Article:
Jan 17, 19: #AnalyticsClub #Newsletter (Events, Tips, News & more..)

[  COVER OF THE WEEK ]

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Data Storage  Source

[ LOCAL EVENTS & SESSIONS]

More WEB events? Click Here

[ AnalyticsWeek BYTES]

>> Big Data Analytics, Supercomputing Seed Growth in Plant Research by analyticsweekpick

>> August 14, 2017 Health and Biotech analytics news roundup by pstein

>> Refugee migration: Where are people fleeing from and where are they going? by analyticsweek

Wanna write? Click Here

[ NEWS BYTES]

>>
 Prescriptive and Predictive Analytics Market Will Boast Developments in Global Industry by 2018-2025 – Leading Journal (blog) Under  Talent Analytics

>>
 Machine-learning algorithm predicts how cells repair broken DNA – EurekAlert (press release) Under  Machine Learning

>>
 200 jobs in Belfast being created by US cyber security firm – RTE.ie Under  cyber security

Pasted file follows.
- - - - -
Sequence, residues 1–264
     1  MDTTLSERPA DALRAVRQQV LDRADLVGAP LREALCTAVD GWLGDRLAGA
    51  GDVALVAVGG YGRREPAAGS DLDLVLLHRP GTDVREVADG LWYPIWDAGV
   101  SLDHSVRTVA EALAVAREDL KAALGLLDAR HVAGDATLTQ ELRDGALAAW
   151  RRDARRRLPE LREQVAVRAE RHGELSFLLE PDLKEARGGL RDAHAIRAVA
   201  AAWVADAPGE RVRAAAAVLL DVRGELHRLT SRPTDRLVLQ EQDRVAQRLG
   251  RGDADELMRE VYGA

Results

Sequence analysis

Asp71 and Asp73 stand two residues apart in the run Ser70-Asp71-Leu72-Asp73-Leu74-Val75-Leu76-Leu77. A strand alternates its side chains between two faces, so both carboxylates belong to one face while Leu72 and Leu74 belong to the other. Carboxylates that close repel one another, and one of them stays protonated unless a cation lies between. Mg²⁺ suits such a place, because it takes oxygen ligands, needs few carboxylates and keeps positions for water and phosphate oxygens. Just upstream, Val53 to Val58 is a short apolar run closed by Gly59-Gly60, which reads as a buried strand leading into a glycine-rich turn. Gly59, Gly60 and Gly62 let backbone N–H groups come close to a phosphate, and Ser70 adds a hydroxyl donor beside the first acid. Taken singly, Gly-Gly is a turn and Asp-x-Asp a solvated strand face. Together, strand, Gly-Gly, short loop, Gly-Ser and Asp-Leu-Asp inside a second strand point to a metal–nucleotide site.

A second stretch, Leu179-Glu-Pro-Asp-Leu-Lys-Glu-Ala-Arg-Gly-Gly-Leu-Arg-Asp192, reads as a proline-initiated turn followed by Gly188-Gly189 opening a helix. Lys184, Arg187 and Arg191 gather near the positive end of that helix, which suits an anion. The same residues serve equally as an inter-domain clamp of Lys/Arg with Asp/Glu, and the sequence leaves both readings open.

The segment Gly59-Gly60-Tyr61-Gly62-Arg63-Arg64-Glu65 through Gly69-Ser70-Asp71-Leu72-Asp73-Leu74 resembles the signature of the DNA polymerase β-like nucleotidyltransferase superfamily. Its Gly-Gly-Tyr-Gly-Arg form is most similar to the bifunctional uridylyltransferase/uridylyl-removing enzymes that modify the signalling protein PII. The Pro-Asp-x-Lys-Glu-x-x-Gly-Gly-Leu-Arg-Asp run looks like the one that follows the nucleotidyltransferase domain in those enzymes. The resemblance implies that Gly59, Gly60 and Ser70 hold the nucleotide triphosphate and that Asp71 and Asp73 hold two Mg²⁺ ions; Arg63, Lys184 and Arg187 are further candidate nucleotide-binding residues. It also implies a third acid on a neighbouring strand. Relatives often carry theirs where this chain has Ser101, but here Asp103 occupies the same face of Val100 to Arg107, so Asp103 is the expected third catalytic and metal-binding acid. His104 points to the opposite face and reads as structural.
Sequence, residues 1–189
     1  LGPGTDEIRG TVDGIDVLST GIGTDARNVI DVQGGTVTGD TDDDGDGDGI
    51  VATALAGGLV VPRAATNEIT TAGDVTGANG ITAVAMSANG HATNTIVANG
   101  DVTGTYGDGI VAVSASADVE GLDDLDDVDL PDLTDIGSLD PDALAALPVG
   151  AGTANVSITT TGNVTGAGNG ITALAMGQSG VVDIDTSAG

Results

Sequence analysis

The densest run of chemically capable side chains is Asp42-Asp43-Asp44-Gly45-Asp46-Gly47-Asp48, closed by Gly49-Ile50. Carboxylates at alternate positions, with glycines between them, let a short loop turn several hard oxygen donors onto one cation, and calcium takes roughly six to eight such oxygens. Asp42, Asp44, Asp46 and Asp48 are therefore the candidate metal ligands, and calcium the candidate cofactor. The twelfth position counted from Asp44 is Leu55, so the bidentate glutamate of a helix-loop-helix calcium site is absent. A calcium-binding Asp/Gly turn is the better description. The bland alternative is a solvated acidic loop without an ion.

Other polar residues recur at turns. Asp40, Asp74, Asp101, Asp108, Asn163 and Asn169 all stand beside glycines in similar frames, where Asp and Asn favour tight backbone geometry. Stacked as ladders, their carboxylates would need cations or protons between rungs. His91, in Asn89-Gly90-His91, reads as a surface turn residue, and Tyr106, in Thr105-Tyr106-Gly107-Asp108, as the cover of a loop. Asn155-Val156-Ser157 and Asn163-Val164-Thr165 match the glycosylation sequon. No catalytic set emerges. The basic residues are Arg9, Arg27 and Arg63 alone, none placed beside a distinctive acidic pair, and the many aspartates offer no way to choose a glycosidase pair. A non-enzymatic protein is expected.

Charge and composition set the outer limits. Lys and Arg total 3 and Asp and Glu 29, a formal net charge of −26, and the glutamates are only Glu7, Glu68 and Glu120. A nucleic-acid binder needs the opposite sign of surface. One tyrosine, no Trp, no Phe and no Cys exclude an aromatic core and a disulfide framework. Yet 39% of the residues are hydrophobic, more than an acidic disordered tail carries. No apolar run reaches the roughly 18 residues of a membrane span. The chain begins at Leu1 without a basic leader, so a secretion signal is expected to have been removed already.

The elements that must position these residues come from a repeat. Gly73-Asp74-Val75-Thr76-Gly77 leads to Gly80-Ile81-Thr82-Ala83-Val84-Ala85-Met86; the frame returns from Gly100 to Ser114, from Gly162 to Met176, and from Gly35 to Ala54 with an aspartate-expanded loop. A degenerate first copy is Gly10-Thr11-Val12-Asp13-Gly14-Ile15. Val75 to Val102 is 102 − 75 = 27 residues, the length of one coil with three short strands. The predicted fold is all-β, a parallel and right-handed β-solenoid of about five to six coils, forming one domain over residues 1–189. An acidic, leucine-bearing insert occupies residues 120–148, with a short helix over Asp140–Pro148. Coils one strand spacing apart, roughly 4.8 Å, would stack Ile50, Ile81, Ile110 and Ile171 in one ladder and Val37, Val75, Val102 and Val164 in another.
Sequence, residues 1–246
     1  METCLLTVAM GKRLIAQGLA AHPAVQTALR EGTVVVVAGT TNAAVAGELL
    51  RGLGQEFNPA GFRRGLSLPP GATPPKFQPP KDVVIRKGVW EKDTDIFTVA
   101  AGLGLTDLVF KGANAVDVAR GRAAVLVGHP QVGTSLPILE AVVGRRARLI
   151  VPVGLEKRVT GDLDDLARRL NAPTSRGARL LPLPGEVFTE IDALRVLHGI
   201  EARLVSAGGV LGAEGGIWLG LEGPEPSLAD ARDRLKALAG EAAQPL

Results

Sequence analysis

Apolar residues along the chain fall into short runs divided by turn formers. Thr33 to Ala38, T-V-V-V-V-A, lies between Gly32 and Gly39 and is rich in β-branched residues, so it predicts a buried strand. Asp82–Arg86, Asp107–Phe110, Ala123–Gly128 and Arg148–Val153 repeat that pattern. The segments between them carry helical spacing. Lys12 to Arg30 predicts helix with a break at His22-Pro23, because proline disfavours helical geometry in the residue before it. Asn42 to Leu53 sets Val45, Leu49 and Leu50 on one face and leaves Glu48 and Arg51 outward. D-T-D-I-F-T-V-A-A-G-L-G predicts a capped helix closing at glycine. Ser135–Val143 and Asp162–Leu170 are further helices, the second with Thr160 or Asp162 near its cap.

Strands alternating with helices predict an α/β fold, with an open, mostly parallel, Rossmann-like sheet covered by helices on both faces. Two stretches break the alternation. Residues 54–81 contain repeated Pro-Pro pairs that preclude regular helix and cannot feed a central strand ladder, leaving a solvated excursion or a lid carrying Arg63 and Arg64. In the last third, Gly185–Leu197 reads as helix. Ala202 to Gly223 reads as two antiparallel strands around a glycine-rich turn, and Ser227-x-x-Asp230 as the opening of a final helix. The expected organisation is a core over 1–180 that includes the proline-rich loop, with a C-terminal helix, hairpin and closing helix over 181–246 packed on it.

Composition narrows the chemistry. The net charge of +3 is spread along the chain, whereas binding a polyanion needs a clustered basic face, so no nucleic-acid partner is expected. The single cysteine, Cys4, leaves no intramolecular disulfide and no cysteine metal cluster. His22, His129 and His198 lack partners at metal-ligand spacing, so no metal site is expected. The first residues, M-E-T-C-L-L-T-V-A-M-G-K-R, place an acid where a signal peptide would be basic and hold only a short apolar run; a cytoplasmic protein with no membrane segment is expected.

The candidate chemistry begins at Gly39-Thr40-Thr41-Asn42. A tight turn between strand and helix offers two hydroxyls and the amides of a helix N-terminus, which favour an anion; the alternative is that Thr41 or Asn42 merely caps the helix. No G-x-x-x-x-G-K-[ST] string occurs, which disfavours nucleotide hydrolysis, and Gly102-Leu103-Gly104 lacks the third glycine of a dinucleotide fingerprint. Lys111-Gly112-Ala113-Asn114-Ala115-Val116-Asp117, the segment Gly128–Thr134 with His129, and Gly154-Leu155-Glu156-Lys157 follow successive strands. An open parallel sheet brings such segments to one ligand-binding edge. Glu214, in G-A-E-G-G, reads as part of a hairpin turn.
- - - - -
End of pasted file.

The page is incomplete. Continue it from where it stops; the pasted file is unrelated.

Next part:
More NEWS ? Click Here

[ FEATURED COURSE]

Machine Learning

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6.867 is an introductory course on machine learning which gives an overview of many concepts, techniques, and algorithms in machine learning, beginning with topics such as classification and linear regression and ending … more

[ FEATURED READ]

Storytelling with Data: A Data Visualization Guide for Business Professionals

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Storytelling with Data teaches you the fundamentals of data visualization and how to communicate effectively with data. You’ll discover the power of storytelling and the way to make data a pivotal point in your story. Th… more

[ TIPS & TRICKS OF THE WEEK]

Keeping Biases Checked during the last mile of decision making